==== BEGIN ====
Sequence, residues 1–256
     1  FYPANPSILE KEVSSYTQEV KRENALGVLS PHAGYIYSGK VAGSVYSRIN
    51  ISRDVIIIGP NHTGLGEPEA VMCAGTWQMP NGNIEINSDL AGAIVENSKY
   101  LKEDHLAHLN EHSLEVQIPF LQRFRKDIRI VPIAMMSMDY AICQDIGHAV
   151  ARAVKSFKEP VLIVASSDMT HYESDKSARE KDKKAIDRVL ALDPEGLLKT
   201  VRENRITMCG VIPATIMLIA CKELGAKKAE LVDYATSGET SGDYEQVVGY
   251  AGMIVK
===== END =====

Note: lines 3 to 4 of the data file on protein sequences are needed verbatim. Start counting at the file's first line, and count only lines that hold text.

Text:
    51  ISRDVIIIGP NHTGLGEPEA VMCAGTWQMP NGNIEINSDL AGAIVENSKY
   101  LKEDHLAHLN EHSLEVQIPF LQRFRKDIRI VPIAMMSMDY AICQDIGHAV